And so the knives are being sharpened for Jose Mourinho. Indeed, by the time you’ve read this, Daniel Levy might even have conquered his queasiness over the scale of the payout required and done the deed.
By Dave Bowler
I would never qualify as a Mourinho apologist but in this particular instance, and heinous as Tottenham’s performance against Dinamo Zagreb in the Europa League was, not all of the blame can be laid at The Tarnished One’s door.
Regular readers of this column – it’s not too late to get psychological help – will have already picked through some thoughts on just how the season without crowds has impacted on teams, West Ham and Liverpool in particular, some for better, some for worse.
Beyond specific teams though, I don’t think there has ever been a more difficult season to manage a football club. Take Spurs and take Hugo Lloris’ comments after the Zagreb game.
“I hope everyone in the changing room feels responsible”. Lloris is not a rent-a-quote footballer, not one who courts controversy week after week.
By and large, his statements are measured and those above should be ringing alarm bells, not just at Tottenham, but at football clubs around the land for they speak to an issue that has been rife for a number of years – too many clubs carry too many passengers who coast along on far too much money and can often drag down the dressing room with their, at best, apathy and at worst, open hostility.
The presence of crowds can often dilute this and that’s what managers have been fighting this season. Do you think that some Tottenham players or Celtic players would have dared to stroll around as they have this season if they were playing in grounds full of thousands of their fans? Not a chance.
And while we should accept and understand that for some players, the challenges of this season have been tough, for others, Covid has offered a perfect opportunity to have a season off on full pay. Managers can do their best to motivate, but having 40,000 voices turning on you inside a stadium can often focus the mind that bit more clearly.
It is a self inflicted wound on the part of many clubs and their managers too. Clubs have squads that are bloated beyond any sensible level. Yes, for some there are more European games now and that stretches squads and so there is perhaps some sense in it.
But if you are, for instance, Brighton, Crystal Palace, Newcastle, West Brom et al, you have 38 games plus the two cup competitions which, in some cases, you will quite transparently do all you can to be knocked out of immediately. So 40, 41 games over what is, ordinarily, a nine month or 41 week season. Knock out four weeks for international breaks and you are still playing, on average, barely more than one game a week.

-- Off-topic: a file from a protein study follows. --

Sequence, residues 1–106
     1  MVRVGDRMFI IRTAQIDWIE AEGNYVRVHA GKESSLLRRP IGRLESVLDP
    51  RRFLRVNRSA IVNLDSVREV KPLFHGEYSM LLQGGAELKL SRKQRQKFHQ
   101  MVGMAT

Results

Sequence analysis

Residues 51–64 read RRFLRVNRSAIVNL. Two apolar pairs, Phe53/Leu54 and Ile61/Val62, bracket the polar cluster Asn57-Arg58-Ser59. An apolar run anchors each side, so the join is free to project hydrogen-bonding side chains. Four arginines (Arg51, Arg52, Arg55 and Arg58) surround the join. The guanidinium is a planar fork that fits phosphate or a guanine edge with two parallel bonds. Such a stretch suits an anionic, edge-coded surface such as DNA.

Given these clubs will be stuffed to the gills with “promising” post-Academy players who barely ever get a chance to play, why not run with a first team squad of 16 to 18 players and then allow these younger footballers to plug the gaps caused by injuries, loss of form etc?
But no, clubs will tend to have 25 or more senior pros on their bloated books, with no hope of giving many of them any significant game time. In fairness to them, when they do play, they’ve generally been shunted off into the League Cup to save the goalkeeper or the striker having to endure a trip to Colchester or Newport, and never mind that the fans of those clubs actually want to see the stars.
But when they do play, how many of them put a shift in to try and grasp an opportunity in front of the manager and how many just go through the motions while thinking how they’re going to squander the night’s appearance money?
It is not all the fault of the players. After all, if somebody offers you a three year deal on seven figures a year, the first question that comes to mind is, “Where do I sign?”
But such wealth and comfort can only breed complacency. If you looked into the Premier League and saw how many second and third choice keepers for instance, who are never getting near the team except through injury or suspension, were on £1million plus, you’d find it’s nearly all of them.
In which case, you need a certain kind of mentality to really put it in in training, especially when you know the manager doesn’t rate you and is never picking you until he absolutely has to.
I can also tell you that there are plenty of footballers at mid-range clubs, those who are playing every week, who have little or no ambition. Many sides pushing for European places suffer a late season collapse in form and in some cases, I can guarantee you it’s because senior players have said, “F**k the Europa League, we’ll never get a day off!”
The same reasoning applies at some clubs where year after year, they get knocked out in the early rounds of the cups – those blank weekends and midweeks are just too much for some to resist.
We’ve created a game awash with too much money at the top end, creating too much comfort for those whose ambitions extend no further than their bank balance. So sack Mourinho if you like. But remember, Pochettino couldn’t resolve the issues at Spurs either and he was trying to do it when the fans were there to help him.